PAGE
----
The earliest documented use of ketogenic diets for treating cancer dates back to 1995 and was carried out by Linda Nebling. Ever since, there have been many positive accounts of ketogenic diets and cancer – even in combination with standard therapies such as chemotherapy and radiation. This strategy is still in its early phase, and it is difficult to find funds for this type of research because the use of ketogenic diets cannot be patented and is therefore not as interesting from a financial standpoint.
Ketogenic diets with fat as a super fuel used for cancer and neurological diseases
As opposed to glucose that can be converted through fermentation and without oxygen inside cancer cells, ketones can only be burned with help from oxygen, and this combustion can only take place inside healthy cells with healthy mitochondria.
The condition known as ketosis has been an inherent part of our survival since the beginning of time where humans have had to starve for periods and were forced to burn part of their fat reserves in order to get energy. It has been known for decades that a ketogenic diet can prevent epileptic seizures, simply because the brain uses a different type of fuel. It also appears that ketogenic diets can be helpful against other neurological disorders such as dementia, Parkinson’s disease, Alzheimer’s disease, and ALS. The beneficial properties of ketosis can be traced back to the mitochondria that use these fats as a type of super fuel.
The ketogenic diet resembles an up-side-down food pyramid
It is important to balance your intake of nutrients so your body gets enough energy, and it depends a lot on your weight, age, and physical activity level. Around 70 percent of the daily calorie intake should ideally come from healthy fats, while approx. 20-25% should come from protein and 5-10% should come from carbohydrate.
Always choose healthy raw materials and allow time for the body to get used to your new diet habits until it reaches the stage of ketosis. An easy indicator is the characteristic “ketosis breath” that many people experience after a few days. This diet causes a fruit-like, metallic taste in the mouth because the body produces different ketones that are discharged through respiration or the urine. The odd taste will normally vanish in a matter of a few weeks. One may also develop flu-like symptoms in the beginning, but they can be eliminated by adding electrolytes such as sodium, potassium, and magnesium.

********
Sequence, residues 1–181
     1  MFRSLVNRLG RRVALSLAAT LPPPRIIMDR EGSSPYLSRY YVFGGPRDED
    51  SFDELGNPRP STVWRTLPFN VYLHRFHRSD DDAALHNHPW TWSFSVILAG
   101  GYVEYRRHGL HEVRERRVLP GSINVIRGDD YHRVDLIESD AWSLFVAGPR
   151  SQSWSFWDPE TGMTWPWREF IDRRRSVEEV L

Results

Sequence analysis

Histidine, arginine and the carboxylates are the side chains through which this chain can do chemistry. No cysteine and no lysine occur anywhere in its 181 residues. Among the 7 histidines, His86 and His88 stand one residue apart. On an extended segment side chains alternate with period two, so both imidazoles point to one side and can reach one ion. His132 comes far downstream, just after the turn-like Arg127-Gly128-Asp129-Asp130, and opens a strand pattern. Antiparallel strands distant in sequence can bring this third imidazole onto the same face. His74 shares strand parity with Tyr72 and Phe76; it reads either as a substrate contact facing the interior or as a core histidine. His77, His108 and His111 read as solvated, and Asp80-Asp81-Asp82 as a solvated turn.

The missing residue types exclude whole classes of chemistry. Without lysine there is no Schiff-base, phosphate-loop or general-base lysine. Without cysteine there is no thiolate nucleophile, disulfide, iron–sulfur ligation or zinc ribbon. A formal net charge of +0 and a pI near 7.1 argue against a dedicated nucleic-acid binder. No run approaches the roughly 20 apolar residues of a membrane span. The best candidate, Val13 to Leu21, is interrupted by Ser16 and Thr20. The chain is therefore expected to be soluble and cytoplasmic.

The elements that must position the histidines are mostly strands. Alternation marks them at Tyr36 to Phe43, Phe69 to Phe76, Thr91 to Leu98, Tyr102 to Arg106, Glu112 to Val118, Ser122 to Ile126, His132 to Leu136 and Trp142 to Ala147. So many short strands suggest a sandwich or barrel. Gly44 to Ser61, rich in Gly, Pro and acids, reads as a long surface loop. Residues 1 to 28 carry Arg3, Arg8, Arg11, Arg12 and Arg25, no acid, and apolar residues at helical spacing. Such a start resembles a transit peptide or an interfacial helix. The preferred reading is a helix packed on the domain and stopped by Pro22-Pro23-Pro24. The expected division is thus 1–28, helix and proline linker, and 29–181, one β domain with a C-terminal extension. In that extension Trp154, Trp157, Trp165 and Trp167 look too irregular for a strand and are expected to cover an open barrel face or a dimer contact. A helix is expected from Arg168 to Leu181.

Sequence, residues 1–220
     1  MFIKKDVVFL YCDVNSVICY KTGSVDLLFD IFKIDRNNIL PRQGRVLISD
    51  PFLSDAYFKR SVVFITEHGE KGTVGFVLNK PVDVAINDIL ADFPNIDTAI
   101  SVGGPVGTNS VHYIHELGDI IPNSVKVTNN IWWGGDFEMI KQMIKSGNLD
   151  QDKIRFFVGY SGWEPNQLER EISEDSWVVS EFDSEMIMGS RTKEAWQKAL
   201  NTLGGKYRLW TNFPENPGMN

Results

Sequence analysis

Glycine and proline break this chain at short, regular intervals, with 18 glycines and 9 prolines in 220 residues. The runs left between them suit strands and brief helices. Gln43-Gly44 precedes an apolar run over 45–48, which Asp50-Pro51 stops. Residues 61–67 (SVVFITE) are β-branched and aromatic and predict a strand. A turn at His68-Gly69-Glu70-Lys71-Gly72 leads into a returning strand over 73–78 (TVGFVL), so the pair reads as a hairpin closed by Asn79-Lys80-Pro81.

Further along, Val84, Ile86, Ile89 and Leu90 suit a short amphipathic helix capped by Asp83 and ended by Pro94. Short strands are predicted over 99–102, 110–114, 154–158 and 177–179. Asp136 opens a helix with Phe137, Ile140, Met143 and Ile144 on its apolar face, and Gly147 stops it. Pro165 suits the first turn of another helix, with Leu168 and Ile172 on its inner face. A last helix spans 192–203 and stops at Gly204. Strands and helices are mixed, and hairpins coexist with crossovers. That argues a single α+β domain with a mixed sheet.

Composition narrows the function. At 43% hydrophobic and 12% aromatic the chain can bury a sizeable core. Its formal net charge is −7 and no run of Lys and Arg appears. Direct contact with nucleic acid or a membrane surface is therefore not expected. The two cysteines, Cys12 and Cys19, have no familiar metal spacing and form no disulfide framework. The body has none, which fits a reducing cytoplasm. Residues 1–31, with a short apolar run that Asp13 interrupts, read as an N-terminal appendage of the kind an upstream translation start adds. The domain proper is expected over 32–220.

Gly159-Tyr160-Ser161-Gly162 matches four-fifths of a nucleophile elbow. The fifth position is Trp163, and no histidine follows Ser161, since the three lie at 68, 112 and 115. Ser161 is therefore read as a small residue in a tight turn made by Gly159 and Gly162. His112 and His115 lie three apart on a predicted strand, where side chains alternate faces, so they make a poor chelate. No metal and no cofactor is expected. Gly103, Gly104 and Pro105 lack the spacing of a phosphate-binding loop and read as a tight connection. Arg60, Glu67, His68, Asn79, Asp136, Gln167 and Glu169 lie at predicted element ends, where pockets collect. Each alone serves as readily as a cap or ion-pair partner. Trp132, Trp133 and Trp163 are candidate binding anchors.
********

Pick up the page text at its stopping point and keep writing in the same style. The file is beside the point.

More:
As a bonus, many people lose weight without any effort.
You can find many books about the ketogenic diet on the market, and it is possible to search the net for a doctor or nutritionist with relevant knowledge about the subject.
Ketogenic diets are normally not recommended for pregnant and breastfeeding women, diabetics, or people who take anti-hypertensive medicine.
Because mitochondria are involved in the energy turnover and many other functions in the cellular metabolism, damage to the mitochondria can result in a variety of diseases.
Mitochondrial diseases as such often include neurological disorders like epilepsy, migraines, dementia, fibromyalgia, Parkinson’s disease etc. Studies suggest that even cancer is a mitochondrial disease.
In order to prevent and treat mitochondrial diseases, it is important to help the mitochondria thrive. This requires nutrients such as Q10, selenium, zinc, magnesium, vitamin D3, B vitamins, and omega-3 fats. It is also important to shield the mitochondria against oxidative stress caused by free radicals. Try to keep blood sugar levels stable and to maintain normal body weight and waist circumference. Getting plenty of sleep, exercising, and breathing properly also is important for mitochondrial health. In the case of mitochondrial diseases, it may be worth considering a ketogenic diet of some kind.
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Surendra S. Katyare, A.V. Mali. Omega-3 Fatty Acids and Mitochondrial Functions. Springer Link 2016
New Links between selenium and cancer prevention. HRB. December 2017
Patrick F Chinnery et al. Accumulation of mitochondrial DNA mutations in ageing, cancer, and mitochondrial disease: is there a common mechanism? The Lancet 2002
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Klein EA et al. Vitamin E and the risk of prostate cancer: The Selenium and Vitamin E Cancer Prevention Trial (SELECT). JAMA 2011.
Bruce Lipton. Intelligente celler. Borgen 2009
Pernille Lund. Q10 – fra helsekost til epokegørende medicin. Ny Videnskab 2014
Succes med keto kuren. Legind 2018